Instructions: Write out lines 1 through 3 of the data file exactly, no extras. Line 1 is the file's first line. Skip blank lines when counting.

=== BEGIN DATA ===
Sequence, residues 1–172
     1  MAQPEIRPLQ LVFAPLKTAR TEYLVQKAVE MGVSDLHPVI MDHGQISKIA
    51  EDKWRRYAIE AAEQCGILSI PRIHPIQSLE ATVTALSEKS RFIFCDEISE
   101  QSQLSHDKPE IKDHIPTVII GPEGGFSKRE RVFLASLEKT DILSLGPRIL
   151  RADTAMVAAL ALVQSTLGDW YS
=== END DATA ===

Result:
Sequence, residues 1–172
     1  MAQPEIRPLQ LVFAPLKTAR TEYLVQKAVE MGVSDLHPVI MDHGQISKIA
    51  EDKWRRYAIE AAEQCGILSI PRIHPIQSLE ATVTALSEKS RFIFCDEISE